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Coronavirus: WHO halts trials of hydroxychloroquine over safety fears

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Coronavirus: WHO halts trials of hydroxychloroquine over safety fears

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U.S. President Donald Trump said he was taking hydroxychloroquine to ward off Covid-19

Tests of hydroxychloroquine, a malaria drug, as a possible treatment for coronavirus, have been halted due to safety concerns, says the World Health Organization (WHO).

Tests in several countries are being "temporarily" suspended as a precaution, the agency reported on Monday.

This is after a recent medical study suggested that the drug could increase the risk of patients dying from Covid-19.

President Donald Trump said he is taking the drug to ward off the virus.

The US president has repeatedly promoted the antimalarial drug, against medical advice and despite warnings from public health officials that it could cause heart problems.

Last week, a study published in the medical journal The Lancet said there was no benefit in treating patients with coronavirus with hydroxychloroquine, and that ingestion may even increase the number of deaths among those hospitalized with the disease.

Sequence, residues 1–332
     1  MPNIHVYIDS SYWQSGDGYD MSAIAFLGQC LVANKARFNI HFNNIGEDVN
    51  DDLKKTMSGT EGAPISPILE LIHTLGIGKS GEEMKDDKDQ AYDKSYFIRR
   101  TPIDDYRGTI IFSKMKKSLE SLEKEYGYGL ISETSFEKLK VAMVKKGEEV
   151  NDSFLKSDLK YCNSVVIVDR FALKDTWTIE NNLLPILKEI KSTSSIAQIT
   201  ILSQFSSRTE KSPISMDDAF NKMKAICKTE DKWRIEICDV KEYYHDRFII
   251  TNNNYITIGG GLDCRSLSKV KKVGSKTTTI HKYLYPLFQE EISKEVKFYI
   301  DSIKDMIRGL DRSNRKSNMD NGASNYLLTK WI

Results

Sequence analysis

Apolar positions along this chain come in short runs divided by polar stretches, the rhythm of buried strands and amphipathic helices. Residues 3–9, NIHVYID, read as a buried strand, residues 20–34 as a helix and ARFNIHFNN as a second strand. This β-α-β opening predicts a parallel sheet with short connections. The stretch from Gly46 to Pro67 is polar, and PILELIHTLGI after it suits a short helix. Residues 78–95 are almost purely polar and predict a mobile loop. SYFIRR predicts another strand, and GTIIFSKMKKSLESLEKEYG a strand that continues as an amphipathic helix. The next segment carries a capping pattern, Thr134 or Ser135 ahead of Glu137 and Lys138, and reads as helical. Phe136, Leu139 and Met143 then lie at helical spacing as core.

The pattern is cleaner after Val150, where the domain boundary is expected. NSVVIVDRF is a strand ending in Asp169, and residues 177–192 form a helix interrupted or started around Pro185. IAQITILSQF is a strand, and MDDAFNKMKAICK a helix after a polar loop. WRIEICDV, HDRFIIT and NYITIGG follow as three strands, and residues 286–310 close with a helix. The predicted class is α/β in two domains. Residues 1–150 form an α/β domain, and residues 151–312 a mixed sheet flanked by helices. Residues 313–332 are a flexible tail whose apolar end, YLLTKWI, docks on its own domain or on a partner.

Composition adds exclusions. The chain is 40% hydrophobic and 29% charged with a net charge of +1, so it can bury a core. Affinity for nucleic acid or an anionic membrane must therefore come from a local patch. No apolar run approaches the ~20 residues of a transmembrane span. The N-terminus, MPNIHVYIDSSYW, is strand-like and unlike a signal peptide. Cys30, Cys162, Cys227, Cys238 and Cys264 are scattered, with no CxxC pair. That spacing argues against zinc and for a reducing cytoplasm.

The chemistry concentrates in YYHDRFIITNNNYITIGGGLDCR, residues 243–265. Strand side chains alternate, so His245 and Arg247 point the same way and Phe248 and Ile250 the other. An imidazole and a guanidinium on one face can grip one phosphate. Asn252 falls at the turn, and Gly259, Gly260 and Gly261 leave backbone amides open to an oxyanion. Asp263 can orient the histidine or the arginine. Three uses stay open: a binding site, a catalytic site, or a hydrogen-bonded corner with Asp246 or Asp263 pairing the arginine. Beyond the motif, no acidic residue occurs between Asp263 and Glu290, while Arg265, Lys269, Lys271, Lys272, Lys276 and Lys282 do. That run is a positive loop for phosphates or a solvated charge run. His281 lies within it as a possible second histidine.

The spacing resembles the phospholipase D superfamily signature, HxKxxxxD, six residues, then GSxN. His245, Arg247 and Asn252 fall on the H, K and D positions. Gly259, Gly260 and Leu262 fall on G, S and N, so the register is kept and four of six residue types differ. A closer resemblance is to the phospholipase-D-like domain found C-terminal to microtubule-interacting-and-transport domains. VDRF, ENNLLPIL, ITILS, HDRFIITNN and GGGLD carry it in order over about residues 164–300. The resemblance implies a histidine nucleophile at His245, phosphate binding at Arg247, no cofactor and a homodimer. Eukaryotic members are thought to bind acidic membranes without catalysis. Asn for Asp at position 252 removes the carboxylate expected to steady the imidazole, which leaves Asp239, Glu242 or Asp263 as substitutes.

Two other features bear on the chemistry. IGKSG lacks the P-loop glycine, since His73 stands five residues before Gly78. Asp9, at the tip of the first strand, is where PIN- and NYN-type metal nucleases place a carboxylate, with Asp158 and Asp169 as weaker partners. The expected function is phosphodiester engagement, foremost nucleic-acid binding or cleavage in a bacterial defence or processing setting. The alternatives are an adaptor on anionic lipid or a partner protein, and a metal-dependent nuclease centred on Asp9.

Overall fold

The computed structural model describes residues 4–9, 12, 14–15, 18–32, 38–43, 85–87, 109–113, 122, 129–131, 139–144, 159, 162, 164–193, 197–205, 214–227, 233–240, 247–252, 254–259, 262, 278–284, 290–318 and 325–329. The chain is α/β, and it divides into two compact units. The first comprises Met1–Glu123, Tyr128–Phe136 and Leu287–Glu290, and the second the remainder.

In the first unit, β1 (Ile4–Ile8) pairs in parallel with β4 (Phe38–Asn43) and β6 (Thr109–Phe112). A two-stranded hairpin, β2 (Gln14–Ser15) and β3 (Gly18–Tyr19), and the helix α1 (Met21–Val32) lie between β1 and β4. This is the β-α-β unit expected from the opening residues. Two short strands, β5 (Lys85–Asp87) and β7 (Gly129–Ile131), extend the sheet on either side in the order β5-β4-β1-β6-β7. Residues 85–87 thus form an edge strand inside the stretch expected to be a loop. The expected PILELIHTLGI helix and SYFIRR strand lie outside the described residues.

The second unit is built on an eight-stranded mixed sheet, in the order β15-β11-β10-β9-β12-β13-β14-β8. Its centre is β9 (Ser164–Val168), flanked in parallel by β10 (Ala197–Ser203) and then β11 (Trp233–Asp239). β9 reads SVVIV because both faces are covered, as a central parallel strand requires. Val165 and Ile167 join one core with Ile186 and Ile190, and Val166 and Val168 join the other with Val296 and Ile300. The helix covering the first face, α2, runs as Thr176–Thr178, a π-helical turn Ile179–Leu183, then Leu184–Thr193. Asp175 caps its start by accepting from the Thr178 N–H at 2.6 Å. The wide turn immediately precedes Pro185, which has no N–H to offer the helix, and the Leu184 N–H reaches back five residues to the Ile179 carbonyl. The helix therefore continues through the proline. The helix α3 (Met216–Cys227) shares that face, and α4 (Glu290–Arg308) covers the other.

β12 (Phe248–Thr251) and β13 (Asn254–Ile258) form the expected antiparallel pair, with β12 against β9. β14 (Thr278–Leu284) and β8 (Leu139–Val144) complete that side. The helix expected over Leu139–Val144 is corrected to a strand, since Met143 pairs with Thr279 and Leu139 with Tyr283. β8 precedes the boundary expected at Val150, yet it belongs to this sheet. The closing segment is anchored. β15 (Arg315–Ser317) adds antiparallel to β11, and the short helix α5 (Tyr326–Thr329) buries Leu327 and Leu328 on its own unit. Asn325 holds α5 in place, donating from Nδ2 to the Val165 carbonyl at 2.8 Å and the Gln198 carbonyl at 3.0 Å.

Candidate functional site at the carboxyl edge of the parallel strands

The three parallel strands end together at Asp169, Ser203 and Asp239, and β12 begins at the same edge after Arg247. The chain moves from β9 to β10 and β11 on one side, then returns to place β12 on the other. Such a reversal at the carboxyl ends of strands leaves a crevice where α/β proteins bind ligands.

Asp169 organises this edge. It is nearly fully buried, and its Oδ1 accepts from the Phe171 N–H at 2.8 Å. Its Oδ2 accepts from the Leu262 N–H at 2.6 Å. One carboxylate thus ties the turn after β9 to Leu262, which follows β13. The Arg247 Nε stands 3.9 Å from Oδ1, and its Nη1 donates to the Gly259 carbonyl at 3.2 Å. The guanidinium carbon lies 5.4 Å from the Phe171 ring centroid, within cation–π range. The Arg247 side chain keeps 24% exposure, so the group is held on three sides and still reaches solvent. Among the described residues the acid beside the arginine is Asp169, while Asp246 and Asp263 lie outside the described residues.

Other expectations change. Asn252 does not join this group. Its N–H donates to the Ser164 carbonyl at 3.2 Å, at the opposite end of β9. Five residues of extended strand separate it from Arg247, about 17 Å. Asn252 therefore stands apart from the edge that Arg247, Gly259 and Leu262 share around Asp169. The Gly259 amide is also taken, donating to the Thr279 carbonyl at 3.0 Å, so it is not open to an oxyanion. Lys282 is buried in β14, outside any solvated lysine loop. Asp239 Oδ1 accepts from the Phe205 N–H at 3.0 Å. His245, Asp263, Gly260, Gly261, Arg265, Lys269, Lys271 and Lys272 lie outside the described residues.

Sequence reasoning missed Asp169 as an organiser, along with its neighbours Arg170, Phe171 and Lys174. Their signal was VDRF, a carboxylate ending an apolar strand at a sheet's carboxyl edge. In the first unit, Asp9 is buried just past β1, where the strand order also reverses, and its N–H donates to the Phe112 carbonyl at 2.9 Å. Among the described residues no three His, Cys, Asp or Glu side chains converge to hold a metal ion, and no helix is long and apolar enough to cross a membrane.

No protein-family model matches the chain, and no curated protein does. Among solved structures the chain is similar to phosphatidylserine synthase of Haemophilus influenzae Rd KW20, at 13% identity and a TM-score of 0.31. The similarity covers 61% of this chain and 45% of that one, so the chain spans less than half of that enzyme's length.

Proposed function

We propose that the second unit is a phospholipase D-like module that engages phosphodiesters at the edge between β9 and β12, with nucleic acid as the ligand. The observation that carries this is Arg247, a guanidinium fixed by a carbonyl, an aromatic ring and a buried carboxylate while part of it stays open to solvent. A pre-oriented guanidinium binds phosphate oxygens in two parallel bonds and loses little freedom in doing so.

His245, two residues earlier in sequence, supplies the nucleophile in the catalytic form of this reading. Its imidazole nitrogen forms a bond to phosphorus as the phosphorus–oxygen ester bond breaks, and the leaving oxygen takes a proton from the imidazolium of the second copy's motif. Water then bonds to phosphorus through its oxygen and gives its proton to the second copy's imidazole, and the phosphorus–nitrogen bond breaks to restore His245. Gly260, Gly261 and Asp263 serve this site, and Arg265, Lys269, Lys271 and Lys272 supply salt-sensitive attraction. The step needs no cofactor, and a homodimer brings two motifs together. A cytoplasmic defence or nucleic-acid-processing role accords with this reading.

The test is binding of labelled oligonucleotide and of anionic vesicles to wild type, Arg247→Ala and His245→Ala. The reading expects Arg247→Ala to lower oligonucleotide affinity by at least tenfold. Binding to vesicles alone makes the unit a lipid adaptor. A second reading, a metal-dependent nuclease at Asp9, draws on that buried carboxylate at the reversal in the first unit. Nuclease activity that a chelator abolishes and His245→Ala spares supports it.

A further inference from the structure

Hydroxychloroquine is safe for malaria and conditions like lupus or arthritis, but no clinical trial has recommended its use in the treatment of Covid-19.

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Researchers say Covid-19 patients should not use hydroxychloroquine outside clinical trials

The WHO, which is conducting clinical trials of various drugs to assess which may be beneficial in treating the disease, had previously raised concerns about reports of individuals who self-medicate and cause serious harm.

On Monday, UN health agency officials said the hydroxychloroquine would be removed from the tests, pending a safety assessment.

The Lancet study involved 96,000 patients with coronavirus, almost 15,000 of whom received hydroxychloroquine – or a related chloroquine form – alone or with an antibiotic.

The study found that patients were more likely to die in the hospital and develop heart rhythm complications than other Covid patients in a comparison group.

The mortality rates of the treated groups were: hydroxychloroquine 18%; chloroquine 16.4%; control group 9%. Those treated with hydroxychloroquine or chloroquine in combination with antibiotics had an even higher mortality rate.

The researchers cautioned that hydroxychloroquine should not be used outside of clinical trials.

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